Dan sent me the following question:
I had another read of the ‘Building IPv6 Service Provider Networks’ material and can see the PE routers use site local ipv6 addressing. I’m about to build another small service provider setup and wondered: would you actually use site local for PE loopbacks etc, or would you use ULA or global addressing? I’m thinking ULA would be better from a security point of view?
TR&DR summary: Don’t do that.
First a bit of self-flagellation: I did use site local IPv6 addresses in router configurations and printouts (with the usual “reasoning” – preventing anyone from cut-and-pasting configurations without turning on their brains). I was wrong. Using ULAs wouldn’t be a good choice either. I should have used the documentation IPv6 prefix (2001:db8::/32).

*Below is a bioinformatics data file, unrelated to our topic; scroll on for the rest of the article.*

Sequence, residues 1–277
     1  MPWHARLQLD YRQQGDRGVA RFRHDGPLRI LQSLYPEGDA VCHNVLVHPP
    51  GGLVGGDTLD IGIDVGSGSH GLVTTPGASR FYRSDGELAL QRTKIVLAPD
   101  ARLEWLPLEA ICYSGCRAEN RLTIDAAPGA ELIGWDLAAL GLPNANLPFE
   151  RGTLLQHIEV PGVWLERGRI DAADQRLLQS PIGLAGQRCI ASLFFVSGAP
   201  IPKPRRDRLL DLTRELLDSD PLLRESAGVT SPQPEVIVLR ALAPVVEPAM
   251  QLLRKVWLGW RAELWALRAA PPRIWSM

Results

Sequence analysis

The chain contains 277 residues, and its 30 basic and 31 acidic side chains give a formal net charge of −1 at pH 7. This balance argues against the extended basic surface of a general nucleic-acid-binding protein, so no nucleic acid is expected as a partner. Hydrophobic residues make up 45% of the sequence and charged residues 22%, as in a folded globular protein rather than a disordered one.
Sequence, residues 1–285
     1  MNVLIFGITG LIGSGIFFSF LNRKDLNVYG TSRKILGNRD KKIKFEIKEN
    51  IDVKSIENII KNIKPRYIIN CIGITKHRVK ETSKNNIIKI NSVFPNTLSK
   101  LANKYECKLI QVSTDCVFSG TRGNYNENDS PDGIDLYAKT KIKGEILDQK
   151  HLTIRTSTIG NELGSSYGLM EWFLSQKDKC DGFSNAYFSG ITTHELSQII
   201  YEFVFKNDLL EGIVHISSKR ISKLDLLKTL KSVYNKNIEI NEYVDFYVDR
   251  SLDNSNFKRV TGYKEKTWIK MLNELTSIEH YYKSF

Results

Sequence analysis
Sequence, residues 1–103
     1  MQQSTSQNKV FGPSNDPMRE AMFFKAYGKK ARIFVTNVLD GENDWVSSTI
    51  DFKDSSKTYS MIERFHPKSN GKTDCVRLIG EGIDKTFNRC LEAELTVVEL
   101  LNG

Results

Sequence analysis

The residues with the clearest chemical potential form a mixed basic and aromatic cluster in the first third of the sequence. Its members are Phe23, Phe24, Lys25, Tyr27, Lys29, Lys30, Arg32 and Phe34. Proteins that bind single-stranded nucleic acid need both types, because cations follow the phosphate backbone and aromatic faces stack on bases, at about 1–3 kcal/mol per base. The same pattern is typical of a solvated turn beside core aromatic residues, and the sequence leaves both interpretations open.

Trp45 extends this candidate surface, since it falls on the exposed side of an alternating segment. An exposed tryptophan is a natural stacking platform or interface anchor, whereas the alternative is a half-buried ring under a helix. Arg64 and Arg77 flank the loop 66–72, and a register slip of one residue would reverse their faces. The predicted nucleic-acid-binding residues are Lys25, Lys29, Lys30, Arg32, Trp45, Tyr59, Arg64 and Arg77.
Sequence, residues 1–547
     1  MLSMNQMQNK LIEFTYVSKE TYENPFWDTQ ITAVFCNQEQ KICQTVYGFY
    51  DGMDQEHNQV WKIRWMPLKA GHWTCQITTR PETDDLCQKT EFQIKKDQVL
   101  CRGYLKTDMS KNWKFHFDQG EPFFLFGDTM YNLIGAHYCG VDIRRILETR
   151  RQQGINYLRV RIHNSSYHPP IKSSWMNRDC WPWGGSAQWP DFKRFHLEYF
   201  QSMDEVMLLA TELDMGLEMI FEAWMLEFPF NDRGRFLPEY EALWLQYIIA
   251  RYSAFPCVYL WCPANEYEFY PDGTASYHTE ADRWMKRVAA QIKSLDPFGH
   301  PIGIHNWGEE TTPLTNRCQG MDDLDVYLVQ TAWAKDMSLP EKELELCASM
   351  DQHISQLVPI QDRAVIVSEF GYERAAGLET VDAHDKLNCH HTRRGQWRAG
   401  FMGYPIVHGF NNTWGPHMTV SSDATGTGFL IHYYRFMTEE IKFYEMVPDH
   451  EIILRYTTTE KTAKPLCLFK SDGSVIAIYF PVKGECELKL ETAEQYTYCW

Would ULAs make sense?
One wouldn’t gain much (from the security perspective) by using ULAs. Customers with default routes pointing toward your network could send packets addressed to your network devices anyway. You could stop that by implementing inbound packet filters on all customer-facing interfaces, but then you could as well drop packets addressed to your backbone.
On the other hand, packets sent from ULA addresses (and the network devices would send them – ULA addresses are perfectly valid IPv6 addresses) wouldn’t reach destinations in other autonomous systems (yet again, assuming someone in the path cares at least a bit about security), breaking path MTU discovery. Using ULAs in your public backbone is no different from using RFC 1918 IPv4 prefixes in public networks.
What could I do?
If you want to make your backbone unreachable from the outside world (and think it’s too hard or inconvenient to deploy simple ACLs on all ingress ports), you might consider using link-local addresses (equivalent to ip unnumbered), in which case you should start your exploration with a careful reading of Using Only Link-Local Addressing Inside an IPv6 Network IETF draft.